Updated 24 April 2018
These large sensor cameras have many of the advantages of both pro camcorders and system still cameras. The big sensors and interchangeable lenses make for really good image quality. Most of them also have pro sound features, handle better than DSLRs, and record in formats that stand up better to being manipulated ‘in post’ (at the editing stage) than basic DSLR footage. And they don’t suffer the ‘moiré’ effect which results from shooting video with a sensor designed for high resolution still photography.
The Canon C100 is popular with professionals, and an obvious next step for Canon DSLR users, though it only records 1080p HD.
If you want a Canon cinema camera with 4K recording you’ll need the more expensive Canon C200 or C300 MkII.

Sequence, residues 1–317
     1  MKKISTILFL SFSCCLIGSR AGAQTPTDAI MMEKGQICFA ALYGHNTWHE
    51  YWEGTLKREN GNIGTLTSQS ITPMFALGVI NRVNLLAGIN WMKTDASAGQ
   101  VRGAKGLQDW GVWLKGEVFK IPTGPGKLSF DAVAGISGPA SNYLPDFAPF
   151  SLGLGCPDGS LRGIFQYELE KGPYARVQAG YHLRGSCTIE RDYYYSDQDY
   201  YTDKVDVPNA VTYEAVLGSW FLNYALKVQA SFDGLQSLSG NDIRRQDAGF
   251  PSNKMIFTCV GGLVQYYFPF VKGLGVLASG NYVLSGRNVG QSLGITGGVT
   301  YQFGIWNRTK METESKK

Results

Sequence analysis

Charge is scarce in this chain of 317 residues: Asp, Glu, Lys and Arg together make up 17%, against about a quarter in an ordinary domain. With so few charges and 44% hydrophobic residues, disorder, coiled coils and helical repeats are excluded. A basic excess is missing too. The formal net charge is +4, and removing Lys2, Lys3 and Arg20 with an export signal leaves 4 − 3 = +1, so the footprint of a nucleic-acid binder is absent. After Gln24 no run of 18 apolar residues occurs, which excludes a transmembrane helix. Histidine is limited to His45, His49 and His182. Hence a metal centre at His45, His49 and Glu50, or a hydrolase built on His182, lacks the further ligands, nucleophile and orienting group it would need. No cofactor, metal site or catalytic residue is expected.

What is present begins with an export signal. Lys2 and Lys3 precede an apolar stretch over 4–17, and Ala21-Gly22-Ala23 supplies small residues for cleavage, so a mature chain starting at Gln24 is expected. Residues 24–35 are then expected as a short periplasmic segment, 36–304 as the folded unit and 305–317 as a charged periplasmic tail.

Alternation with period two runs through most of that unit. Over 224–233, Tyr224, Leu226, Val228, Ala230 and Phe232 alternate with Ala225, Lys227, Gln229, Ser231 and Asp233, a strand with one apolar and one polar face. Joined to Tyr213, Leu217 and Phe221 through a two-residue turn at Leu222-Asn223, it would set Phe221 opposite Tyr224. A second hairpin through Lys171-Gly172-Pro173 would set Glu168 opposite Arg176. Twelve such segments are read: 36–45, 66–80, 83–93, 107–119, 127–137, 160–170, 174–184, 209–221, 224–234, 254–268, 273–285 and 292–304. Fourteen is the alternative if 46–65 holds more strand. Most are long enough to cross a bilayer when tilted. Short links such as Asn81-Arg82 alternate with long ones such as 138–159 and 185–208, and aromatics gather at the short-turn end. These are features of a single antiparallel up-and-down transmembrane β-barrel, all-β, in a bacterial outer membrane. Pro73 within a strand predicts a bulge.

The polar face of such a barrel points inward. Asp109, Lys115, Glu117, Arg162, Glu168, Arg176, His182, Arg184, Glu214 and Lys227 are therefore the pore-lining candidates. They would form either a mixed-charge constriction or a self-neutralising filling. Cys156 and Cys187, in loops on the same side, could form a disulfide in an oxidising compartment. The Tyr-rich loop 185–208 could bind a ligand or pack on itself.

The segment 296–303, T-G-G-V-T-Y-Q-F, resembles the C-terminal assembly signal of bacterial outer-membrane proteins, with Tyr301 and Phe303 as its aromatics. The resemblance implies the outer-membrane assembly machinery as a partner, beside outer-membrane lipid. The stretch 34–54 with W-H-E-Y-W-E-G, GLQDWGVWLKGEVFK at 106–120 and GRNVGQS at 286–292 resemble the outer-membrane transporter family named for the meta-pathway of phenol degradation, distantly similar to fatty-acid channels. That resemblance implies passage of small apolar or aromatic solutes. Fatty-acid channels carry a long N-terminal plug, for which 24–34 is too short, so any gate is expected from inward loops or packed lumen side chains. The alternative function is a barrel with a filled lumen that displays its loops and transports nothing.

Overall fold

The Sony FS5 is lighter and more ergonomic than the C100 and can shoot 240fps slow motion HD and 4K. It has a better viewfinder but its video autofocus isn’t as advanced.
The new BlackMagic Design Pocket Cinema Camera 4K, out September 2018, replaces BlackMagic’s current Cinema Cameras (below). It can record high quality 4K RAW and ProRes files at up to 60fps. It has better low light performance, audio and connectivity than its predecessors. At $1295/£1200 it’s very good value, though it’s unlikely to be as robust as the Canon and Sony alternatives.
The HD Blackmagic Pocket Cinema Camera is the most affordable cinema camera you can buy.
The bigger Blackmagic Cinema Camera comes in 2.5k and 4k versions. Both have a very wide dynamic range (they can record scenes with a lot of contrast) and great image quality for the price. But they have drawbacks like very large file sizes, poor handling and audio and an odd sensor size.
- Excellent image quality
- Lots of creative control
- Good in low light
- Most are big
Serious filmmakers, news and documentary filmmakers who can afford them.